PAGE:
more than how we feel, and so we must be people of action. We live in a
world which visually stimulates us to act with aggression, or to withdraw.
What we are shown repeatedly creates fear. But it is our job to develop a
social memory that includes love, too; to make sure that joy and sorrow
remain acquainted. The steps we take not only change the world, but change
how it feels to live in this world. What do those steps look like?
Something as simple as the map called “purple America”, proportionally
mixing red and blue rather than coloring each state one or the other makes a
huge difference in how we see ourselves and in how we react to our
environment. Mordecai Gerstein’s book remembering the building of the World
Trade Center and how Phillippe Petit found freedom in the space between
those towers creates a much more empowering response to loss than repeatedly
showing video footage of the towers falling.

September 11 gave us all a glimpse of what life might feel like every
day to someone whose brain chemistry is atypical. On that day, we all could
see that the veneer of civilization is very, very thin; that it barely
spreads itself over this irrational universe that boils and bubbles
threateningly just under the surface of our days. That morning, the
foundations shook for everyone, throwing us into one anothers’ hands and
hearts, acknowledging that this life — in all of its glory — is also
brutal, and it simply cannot be borne alone.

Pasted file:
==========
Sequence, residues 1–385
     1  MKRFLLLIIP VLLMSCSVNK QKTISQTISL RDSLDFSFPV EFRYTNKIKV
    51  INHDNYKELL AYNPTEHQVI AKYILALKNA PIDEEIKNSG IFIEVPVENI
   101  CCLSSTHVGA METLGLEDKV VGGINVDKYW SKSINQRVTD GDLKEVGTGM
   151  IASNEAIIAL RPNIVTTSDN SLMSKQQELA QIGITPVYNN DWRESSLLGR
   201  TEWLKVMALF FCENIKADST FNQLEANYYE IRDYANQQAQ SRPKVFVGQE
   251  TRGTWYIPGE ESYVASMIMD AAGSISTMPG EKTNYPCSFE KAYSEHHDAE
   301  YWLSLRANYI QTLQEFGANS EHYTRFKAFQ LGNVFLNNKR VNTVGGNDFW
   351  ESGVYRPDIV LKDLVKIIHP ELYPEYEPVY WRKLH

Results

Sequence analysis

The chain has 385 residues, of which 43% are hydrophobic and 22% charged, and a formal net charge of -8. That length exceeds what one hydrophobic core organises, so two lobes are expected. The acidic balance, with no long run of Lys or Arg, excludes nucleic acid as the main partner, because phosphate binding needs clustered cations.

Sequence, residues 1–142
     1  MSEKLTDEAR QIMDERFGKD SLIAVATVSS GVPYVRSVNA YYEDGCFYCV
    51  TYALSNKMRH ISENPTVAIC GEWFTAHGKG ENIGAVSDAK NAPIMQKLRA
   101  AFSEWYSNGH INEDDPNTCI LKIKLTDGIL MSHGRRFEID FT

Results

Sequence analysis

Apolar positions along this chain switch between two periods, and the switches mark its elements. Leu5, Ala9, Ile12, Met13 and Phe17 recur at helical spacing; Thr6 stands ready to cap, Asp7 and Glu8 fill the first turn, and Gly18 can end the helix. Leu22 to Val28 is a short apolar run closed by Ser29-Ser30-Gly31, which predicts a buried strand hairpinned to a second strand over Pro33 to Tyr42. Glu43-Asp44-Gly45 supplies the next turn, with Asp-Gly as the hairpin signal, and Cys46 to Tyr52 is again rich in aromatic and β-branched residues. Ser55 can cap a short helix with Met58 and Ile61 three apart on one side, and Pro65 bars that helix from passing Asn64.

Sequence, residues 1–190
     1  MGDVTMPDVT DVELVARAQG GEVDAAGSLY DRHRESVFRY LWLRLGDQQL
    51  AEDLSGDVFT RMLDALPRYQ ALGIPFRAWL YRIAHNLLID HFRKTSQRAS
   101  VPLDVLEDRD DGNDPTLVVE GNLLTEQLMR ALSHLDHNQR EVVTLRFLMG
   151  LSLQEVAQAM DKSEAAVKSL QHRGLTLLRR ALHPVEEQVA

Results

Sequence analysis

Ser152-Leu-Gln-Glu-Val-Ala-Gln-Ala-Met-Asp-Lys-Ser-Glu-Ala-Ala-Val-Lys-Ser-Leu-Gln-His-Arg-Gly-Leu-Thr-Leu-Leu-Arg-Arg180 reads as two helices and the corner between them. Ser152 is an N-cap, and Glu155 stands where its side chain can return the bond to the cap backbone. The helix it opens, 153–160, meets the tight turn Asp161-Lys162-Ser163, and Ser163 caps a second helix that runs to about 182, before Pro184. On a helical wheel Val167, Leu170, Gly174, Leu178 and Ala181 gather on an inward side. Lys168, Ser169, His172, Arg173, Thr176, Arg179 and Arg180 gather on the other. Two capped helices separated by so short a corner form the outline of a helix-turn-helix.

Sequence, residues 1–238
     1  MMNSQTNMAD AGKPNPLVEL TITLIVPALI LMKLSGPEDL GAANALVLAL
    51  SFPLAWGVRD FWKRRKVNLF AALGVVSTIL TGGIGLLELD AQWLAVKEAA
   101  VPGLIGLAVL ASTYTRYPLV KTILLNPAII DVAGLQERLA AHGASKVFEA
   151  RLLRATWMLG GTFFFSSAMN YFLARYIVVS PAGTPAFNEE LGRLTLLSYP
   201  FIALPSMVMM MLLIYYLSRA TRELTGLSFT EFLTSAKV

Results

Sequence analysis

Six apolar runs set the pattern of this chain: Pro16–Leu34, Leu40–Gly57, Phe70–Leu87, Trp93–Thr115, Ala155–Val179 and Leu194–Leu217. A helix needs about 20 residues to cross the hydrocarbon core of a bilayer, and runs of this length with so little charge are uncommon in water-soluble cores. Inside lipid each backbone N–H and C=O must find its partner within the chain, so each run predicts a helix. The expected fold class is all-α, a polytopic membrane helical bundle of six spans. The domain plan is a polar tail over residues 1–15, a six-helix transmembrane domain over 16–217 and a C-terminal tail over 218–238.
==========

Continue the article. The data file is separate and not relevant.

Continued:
The human presence is transformative. On this, evolutionary science,
religion, and chemistry all agree. And yet we resist, like the hockey
player pushing away the rabbi as she inquired after her family. If we admit
to vulnerability, we won’t be able to fight; to win. But the truth is, if
we don’t admit to vulnerability, we do not get to live, and we do not learn
to love. American culture is identified with the perpetual frontier; with
pushing forward and being pioneers. In strength, it looks like
self-reliance, and independence. But this pioneering spirit makes us
fragile, too. It degenerates into self-indulgence and greed, and is
accompanied by an exaggerated sense of personal honor which legitimizes
lawlessness. Self interest does not create community, and neither does
shared experience if we don’t bring what is fully human into that
experience. And what is human is not either/or; it is both/and. We need to
keep spanning the distance between opposing feelings; continually bind
ourselves as one; throwing cables out in the darkness so that we can step
out into the world. Perhaps it sounds scary, living on that wire, but that
is what is required of us; to be bridges and connections — not only between
what we each feel on our own, but between each other. Freedom is ours, as
long as we are on that wire.

Closing Words John Donne

And into that gate they shall enter, and in that house they shall dwell,
where there shall be no cloud nor sun, no darkness nor dazzling, but one
equal light,
no noise nor silence, but one equal music,
no fears nor hopes, but one equal possession,
no foes nor friends but one equal communion and identity
no ends nor beginnings, but one equal eternity

Reverend Andrea Greenwood
Minister | + posts

Reverend Andrea was called at First Parish in 1992, the first woman minister of this ancient parish. Her husband, Reverend Mark Harris, joined her as co-minister in 1996, and she retired from active ministry in 1998. She returned to the pulpit at First Parish once a month from 2013 to 2018.